Chickens are also great natural lawn mowers. They keep the grass down pretty well. I don’t say they eat all weeds, but they eat a lot of them, which is a wonderful bonus. They love the wild spinach which grows liberally in our garden.  On the other hand, they scratch all the stones up out of the ground and I am perpetually raking them up. They also make holes, which every now and again, you need to fill in or till over as the ground becomes very uneven.

The main reason for having them of course is for their eggs, which we get in plentiful supply. I get great satisfaction eating them and knowing that In essence, I am eating recycled garden bugs and weeds! I keep all the eggshells to bury under the roots of the tomatoes, which makes for strong plants, as tomatoes need calcium for good growth. The crushed eggshells are also good for making a circle around tender plants to deter slugs.

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I have now caught the chicken bug and want to expand my flock. I think my garden needs about eight chickens and the cockerel. Mrs Chicken sat on a clutch of eggs patiently for 21 days, but none hatched. I am afraid Nando may be too big for the little chickens as he falls off frequently and hasn’t managed to fertilise the eggs. So  I have bought four new chickens from a local pet shop, which have been quickly dubbed “The Peepers”  as that”s all they do at the moment, peep and poo. This is quite a dangerous thing to do, as there is the strong possibility of bringing disease into your flock. But they are in quarantine at the moment and seem fine, so far.  I promised I wouldn’t name this batch, in case I had to do the dirty on them somewhere along the line, but that didn’t last long and I have called them Ory, Weed, Pea and Badass. (just add the word Chick to the front of the back of the word and you’ll get the general idea!) They were quite young when I got them and it wasn’t until they came  home, I realised I’d purchased the ugliest chickens on earth, a breed known as the Turken, as they look like a cross between a chicken and a hen. They have a genetic mutation which means they  are born without any feathers on their neck and when fully grown look very weird. But I love them anyway. I have seen quite a few in farmyards hereabouts and with 30 per cent less feathers, apparently they do very well in hot weather, which is a good thing as my bigger hens have looked very uncomfortable in summer. I also hope they grow my bigger than the little hybrid hens I have at the moment, so Nando doesn’t fall off any more and I can breed from them, using Mrs Chicken as a broody.

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The  chickens themselves provide delightful entertainment when you are working in the garden. Nando enjoys cussing the other cockerels in the village and its quite funny watching him stand guard over his harem. Although not unduly aggressive, he has a job to do and he does it well.(The guarding bit I mean, he isn’t so good at the fertilising bit!) His beak is sharp, his talons are like razors and I wouldn’t like to be a cat after his girls. He is easily as big as a small dog and very fierce when anything challenges his flock. He lumbers around like Road Runner and raises a lot of laughs. Most of the Portuguese villagers on seeing him laugh and say “Muito bom com batatas” or “Very good with potatoes” and I guess he would be. But I love him, I have to confess.  For the moment, he’s safe, although I can’t guarantee that will be the case for his sons, sadly. That is unless one of them is good at pushing wheelbarrows up and down very steep hills.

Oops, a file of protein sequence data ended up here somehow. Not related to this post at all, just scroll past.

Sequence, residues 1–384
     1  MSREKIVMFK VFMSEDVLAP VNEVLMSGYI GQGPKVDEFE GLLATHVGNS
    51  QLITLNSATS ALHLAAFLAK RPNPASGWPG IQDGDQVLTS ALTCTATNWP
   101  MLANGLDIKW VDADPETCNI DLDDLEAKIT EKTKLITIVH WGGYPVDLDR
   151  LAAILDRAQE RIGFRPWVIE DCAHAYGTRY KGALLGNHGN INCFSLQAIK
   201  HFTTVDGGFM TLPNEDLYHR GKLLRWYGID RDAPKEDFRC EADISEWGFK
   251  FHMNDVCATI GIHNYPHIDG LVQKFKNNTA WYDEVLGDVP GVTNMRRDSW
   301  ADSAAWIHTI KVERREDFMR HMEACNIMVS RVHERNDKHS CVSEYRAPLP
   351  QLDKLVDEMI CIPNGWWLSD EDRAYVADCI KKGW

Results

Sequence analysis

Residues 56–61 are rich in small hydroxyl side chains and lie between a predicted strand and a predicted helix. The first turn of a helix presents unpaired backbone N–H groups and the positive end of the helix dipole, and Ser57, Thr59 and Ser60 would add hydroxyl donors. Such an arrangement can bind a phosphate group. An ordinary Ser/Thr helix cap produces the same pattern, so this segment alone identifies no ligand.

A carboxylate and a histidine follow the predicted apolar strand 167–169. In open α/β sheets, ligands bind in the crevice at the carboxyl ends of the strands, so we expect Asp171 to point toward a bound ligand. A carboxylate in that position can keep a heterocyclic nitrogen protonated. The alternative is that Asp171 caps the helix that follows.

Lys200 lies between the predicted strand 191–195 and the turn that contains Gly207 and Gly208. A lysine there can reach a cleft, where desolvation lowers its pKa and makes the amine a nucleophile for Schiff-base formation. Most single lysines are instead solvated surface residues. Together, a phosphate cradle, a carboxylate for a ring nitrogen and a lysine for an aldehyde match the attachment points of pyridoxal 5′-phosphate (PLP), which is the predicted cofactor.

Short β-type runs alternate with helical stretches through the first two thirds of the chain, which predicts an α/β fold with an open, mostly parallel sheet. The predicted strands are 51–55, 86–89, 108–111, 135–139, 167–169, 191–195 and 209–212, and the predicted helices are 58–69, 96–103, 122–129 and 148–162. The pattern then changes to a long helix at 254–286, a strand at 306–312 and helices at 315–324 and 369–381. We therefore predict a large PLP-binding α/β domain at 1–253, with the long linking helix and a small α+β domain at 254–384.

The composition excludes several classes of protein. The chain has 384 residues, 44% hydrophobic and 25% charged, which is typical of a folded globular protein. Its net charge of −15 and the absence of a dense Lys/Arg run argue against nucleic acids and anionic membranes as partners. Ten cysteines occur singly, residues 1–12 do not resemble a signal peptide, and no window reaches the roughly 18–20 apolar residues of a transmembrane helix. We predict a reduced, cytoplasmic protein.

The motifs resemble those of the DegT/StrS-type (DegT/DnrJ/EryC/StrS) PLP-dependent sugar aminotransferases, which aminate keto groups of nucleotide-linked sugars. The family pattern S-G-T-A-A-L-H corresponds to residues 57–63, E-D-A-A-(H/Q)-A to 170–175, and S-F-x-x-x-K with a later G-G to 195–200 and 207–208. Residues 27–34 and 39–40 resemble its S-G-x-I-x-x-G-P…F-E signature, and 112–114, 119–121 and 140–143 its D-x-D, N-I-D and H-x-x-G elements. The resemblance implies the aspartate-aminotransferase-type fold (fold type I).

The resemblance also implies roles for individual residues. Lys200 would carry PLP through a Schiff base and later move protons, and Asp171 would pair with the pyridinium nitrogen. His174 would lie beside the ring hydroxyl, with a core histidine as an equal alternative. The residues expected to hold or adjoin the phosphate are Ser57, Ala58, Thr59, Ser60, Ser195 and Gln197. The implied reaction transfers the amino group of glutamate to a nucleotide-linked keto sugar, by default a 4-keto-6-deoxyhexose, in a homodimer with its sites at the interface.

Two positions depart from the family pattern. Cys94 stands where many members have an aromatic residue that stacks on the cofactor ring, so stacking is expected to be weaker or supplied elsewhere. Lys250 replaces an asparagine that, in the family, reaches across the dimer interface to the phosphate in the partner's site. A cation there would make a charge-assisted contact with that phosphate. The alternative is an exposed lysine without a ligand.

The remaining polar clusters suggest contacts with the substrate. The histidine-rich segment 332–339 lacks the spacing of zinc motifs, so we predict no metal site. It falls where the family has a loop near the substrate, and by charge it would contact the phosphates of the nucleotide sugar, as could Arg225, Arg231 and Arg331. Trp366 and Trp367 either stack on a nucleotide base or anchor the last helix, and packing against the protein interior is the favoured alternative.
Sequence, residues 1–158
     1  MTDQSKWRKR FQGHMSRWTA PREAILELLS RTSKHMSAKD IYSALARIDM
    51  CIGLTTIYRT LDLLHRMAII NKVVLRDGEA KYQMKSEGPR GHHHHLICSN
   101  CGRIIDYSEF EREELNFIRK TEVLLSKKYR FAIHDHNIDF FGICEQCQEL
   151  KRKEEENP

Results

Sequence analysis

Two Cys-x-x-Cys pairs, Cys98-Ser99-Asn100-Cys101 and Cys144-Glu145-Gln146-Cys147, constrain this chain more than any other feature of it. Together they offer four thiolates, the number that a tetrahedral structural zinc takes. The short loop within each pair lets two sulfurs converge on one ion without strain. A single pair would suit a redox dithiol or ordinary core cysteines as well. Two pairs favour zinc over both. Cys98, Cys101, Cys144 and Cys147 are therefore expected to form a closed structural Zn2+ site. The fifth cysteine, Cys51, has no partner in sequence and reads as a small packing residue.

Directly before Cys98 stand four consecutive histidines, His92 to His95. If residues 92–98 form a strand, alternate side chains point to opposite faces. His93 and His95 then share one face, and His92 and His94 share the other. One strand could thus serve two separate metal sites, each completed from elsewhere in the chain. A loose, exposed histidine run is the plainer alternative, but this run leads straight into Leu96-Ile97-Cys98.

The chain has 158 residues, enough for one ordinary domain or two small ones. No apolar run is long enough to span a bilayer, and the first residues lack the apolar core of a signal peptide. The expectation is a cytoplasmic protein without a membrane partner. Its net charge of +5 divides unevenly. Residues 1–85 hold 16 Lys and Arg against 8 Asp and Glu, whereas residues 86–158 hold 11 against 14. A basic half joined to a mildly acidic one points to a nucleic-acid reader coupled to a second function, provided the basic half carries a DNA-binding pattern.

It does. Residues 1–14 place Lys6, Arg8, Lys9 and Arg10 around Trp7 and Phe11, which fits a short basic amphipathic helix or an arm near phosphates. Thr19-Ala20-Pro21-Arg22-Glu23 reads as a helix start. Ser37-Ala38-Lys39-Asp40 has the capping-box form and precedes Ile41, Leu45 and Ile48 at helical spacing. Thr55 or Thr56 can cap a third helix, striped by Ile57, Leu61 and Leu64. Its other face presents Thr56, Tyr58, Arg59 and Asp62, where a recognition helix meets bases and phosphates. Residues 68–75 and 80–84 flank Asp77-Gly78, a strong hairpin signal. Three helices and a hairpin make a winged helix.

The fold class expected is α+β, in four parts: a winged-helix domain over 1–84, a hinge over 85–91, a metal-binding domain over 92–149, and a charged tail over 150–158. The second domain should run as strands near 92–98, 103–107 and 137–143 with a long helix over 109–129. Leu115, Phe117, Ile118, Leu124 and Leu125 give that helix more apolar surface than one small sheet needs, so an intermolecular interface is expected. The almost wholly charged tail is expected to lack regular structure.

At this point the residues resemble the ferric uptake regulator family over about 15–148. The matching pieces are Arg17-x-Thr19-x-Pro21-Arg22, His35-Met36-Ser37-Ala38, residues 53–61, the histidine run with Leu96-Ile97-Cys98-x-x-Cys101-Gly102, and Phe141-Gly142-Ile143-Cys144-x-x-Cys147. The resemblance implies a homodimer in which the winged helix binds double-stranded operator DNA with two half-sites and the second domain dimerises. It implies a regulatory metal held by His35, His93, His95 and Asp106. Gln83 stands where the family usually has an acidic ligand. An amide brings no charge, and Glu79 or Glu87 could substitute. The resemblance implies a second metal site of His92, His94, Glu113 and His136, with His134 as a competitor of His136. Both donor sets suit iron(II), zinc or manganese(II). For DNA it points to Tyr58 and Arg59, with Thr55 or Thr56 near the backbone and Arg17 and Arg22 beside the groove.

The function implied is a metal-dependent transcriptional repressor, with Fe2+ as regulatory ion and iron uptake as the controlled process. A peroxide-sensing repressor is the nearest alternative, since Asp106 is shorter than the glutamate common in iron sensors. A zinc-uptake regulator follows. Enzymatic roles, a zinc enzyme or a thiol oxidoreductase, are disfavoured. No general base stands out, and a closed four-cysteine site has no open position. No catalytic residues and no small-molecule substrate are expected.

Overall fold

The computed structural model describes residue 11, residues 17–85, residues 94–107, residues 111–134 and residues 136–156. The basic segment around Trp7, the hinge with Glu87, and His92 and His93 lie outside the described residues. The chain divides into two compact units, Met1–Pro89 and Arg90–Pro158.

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2 thoughts on “I beg your pardon, Mrs Arden, there’s a chicken in your garden!

  1. A lovely post Jane. I love hens too and I used to keep them.I had a beautiful rooster called Cuthbert who looked very similar to yours. He lived to the great age of 8 and was much missed when he went. People who haven’ t kept them think they are stupid but they each have their own personality. I have had mean, spiteful hens and shy ones and kind, motherly ones. I can imagine you will have great fun with yours but how you solve the problem of dealing with the young cockerels I don’ t know. It is a problem I never solved.
    I no longer keep them, a fox managed to get in to the run I don’ t know how , I had kept them for years without any problems.

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  2. Hi Chloris, thanks for dropping by! How sad you must have been when the fox got in! I am bracing myself for the day when I get a predator like a fox or a mongoose, I know it is an inevitable fact of life and in the end, Mrs Fox or Mrs Mongoose is only doing what they have to do. I think if I get a serious problem with letting them run around the garden, I will probably stop keeping them too. I keep them as much for their gardening properties as their eggs, so if I can’t do this I think it will be byebye. But they are firmly locked up from dawn to dusk and we are here a lot in the daytime and listening for the cockerel’s warning crows, so we will carry on as long as we can. Hens really aren’t stupid I have learned, which makes me very sad indeed to think of the way we treat them in order to be able to buy cheap chicken.
    Locals here in the Algarve tell of the days when the chickens didn’t have hen houses at all and roosted in the trees, with a daily hunt for their egg stash. There are still farms around here where they all roam free, eating the dropped plums and figs and long may that be the case! In those days, the predators had a run for their money. Chickens are descended from Indian jungle fowls and had to be clever enough to escape from tigers!